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Picturing the Prairie at Chicago Botanic Garden

A field of tall grasses with a cloudy sky above

Photo credit: Chicago Botanic Garden

Picturing the Prairie: Paintings by Philip Juras, is open from 9 a.m. to 7 p.m. through September 12 at the Chicago Botanic Garden, in Glencoe. The exhibit of 15 large studio canvases and many smaller field paintings depicts rare, complex, diverse natural habitats that require conservation, restoration and stewardship work to protect the remaining prairies and restore others. Picturing the Prairie celebrates their vital role in our Midwestern heritage and takes visitors on a journey of prairie landscapes throughout the state of Illinois.

Events related to the exhibition include Prairie Walks from 9:30 to 11 a.m., August 28; After Hours Buzz from 6 to 8 p.m. July 8 and 22 and August 5 and 19. In this series, Garden conservation scientists illuminate the most fascinating prairie stories with interactive demonstrations, light hors d’oeuvres and drinks on the Visitor Center Deck (North). Picturing the Prairie partners include the Forest Preserve District of Cook County, Field Museum, The Nature Conservancy and Openlands.

“At first, it looks like a big grassy area that’s got some flowering plants in it,” says Juras about the prairie. “But with a little bit closer observation, you really get to see a lot of nuance and complexity. When you see a place like that, you’re also getting a small picture of what the experience of Illinois used to be like.”

There once were 22 million acres of tallgrass prairie in Illinois; now, one hundredth of 1 percent of high-quality prairie remains in Illinois. The small prairie remnants that currently remain require conservation, restoration and stewardship to survive. Prairie plants have deep root systems that are adapted to hot summers and cold winters. Prairies evolved in the presence of fire, periodic drought and grazing.

Photo credit: Chicago Botanic Garden

Illinois is in the tallgrass region of prairies because we have enough rainfall to support tall grasses. Tallgrass prairies are places of high biodiversity that are rich in beauty and bright with more than 300 native plants such as purple coneflowers (Echinacea) as well as birds and pollinators such as monarch butterflies that depend on this habitat to survive. The tallgrass prairie landscape is filled with 10-foot-tall grasses and dozens of wildflowers throughout the growing season.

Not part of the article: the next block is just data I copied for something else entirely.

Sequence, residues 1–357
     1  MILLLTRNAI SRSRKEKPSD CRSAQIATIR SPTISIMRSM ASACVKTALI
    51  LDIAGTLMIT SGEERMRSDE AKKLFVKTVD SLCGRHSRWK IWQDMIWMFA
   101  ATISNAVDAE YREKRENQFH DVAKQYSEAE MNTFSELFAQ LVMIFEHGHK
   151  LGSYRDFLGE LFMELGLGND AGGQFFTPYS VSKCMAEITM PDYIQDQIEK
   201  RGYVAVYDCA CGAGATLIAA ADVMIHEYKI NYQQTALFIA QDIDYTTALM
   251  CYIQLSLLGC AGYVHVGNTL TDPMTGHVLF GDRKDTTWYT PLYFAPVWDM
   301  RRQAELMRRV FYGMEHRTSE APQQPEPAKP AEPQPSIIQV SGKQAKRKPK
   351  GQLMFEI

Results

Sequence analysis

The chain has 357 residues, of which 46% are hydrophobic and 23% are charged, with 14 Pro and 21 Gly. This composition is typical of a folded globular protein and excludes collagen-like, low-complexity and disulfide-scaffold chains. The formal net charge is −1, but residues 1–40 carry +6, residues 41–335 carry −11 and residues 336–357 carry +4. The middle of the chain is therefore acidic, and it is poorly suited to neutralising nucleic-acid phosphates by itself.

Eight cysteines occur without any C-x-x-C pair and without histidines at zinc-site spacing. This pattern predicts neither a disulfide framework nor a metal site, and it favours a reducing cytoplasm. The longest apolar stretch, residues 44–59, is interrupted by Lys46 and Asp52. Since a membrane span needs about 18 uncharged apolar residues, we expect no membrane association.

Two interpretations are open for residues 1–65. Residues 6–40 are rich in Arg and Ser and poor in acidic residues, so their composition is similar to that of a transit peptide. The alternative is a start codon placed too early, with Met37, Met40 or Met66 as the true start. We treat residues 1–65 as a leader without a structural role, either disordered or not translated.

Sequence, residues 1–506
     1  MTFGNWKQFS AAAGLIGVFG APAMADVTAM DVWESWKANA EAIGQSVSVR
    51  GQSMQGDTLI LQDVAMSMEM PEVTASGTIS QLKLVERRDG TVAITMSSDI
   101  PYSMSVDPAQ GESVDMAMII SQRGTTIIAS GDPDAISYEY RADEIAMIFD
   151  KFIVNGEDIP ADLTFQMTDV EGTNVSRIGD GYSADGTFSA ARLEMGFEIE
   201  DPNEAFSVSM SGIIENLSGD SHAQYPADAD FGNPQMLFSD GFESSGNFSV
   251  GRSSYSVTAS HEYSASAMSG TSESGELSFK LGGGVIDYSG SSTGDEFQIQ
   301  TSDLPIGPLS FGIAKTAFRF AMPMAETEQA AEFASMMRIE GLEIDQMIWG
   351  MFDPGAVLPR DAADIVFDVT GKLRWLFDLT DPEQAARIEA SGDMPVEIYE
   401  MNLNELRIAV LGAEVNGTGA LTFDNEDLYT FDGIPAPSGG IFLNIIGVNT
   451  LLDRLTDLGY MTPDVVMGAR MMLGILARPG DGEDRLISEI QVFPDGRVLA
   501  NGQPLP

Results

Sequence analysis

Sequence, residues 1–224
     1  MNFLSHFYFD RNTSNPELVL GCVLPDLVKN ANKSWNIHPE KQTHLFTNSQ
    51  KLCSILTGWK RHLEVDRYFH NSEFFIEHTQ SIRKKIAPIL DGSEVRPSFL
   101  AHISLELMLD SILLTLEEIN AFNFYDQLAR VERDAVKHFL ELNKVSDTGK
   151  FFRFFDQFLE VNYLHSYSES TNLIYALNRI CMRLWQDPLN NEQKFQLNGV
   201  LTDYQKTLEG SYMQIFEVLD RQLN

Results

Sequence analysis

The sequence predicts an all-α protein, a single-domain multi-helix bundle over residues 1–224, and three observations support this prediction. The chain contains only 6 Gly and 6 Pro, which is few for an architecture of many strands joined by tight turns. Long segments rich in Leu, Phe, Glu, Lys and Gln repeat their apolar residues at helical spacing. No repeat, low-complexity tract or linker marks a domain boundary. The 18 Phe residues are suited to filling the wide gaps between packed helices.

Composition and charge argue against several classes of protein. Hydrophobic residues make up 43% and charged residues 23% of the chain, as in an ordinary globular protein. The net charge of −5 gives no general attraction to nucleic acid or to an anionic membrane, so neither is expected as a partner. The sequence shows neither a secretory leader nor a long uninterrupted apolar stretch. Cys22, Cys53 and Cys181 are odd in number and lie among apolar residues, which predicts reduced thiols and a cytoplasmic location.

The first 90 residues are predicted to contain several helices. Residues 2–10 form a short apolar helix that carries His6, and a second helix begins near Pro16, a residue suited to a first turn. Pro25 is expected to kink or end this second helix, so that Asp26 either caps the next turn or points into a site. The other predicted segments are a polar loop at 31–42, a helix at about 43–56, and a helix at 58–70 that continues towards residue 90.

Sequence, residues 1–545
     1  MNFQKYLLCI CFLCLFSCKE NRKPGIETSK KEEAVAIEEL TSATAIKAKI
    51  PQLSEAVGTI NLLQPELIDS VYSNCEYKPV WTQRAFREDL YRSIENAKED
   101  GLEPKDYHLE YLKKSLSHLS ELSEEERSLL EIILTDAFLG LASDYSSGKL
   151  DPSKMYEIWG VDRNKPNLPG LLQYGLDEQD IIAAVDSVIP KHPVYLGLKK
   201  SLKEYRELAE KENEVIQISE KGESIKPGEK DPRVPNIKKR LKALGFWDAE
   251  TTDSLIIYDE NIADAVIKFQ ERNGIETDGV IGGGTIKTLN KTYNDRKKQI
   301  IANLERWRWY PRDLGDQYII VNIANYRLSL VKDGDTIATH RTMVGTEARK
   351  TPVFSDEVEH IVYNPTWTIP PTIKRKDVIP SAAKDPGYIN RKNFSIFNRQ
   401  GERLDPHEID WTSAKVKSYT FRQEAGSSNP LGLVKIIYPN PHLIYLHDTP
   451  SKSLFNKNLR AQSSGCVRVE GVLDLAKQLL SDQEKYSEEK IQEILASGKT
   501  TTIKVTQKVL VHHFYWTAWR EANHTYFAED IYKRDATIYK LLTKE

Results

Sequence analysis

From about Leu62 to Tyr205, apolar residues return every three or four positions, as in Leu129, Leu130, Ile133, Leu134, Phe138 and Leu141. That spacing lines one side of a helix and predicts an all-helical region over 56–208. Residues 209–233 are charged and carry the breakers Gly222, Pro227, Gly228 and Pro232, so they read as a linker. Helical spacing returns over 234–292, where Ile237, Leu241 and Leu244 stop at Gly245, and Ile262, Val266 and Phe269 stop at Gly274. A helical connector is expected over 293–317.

The Chicago Botanic Garden, one of the treasures of the Forest Preserves of Cook County, is a 385-acre, living plant museum featuring 27 distinct gardens and four natural areas. With events, programs and activities for all ages, the Garden is open every day of the year. Opened to the public in 1972, the Garden is managed by the Chicago Horticultural Society, accredited by the American Association of Museums and a member of the American Public Gardens Association (APGA).

The Chicago Botanic Garden offers classes for students from ages pre-K through adulthood through the Joseph Regenstein, Jr. School. The hands-on learning programs are for people of all ages, abilities, interests and backgrounds. Adult education classes include horticulture, garden design, nature studies and botanical arts for all levels of interest. Other programs bring the wonder of nature and plants to children, teens and teachers. The Garden’s community gardening programs provide access to fresh produce in Chicago’s food desert communities and training in sustainable urban agriculture for youth and adults.

The Daniel F. and Ada L. Rice Plant Conservation Science Center provides laboratories and teaching facilities for more than 200 Ph.D. scientists, land managers, students and interns that conduct research critical to fulfilling the Garden’s efforts to save the planet by saving our plants. The Science Career Continuum serves minority students from Chicago Public Schools and throughout the region, mentoring them as they prepare for science studies in college and beyond. The Garden, offering a graduate program in plant biology and conservation with Northwestern University. The Garden is also host to Botanic Gardens Conservation International-U.S., and a member of the Center for Plant Conservation.


Admission fees apply for some events. Visitors must preregister at for timed entry. Location: 1000 Lake Cook Rd., Glencoe. For more information, call 847-835-5440 or visit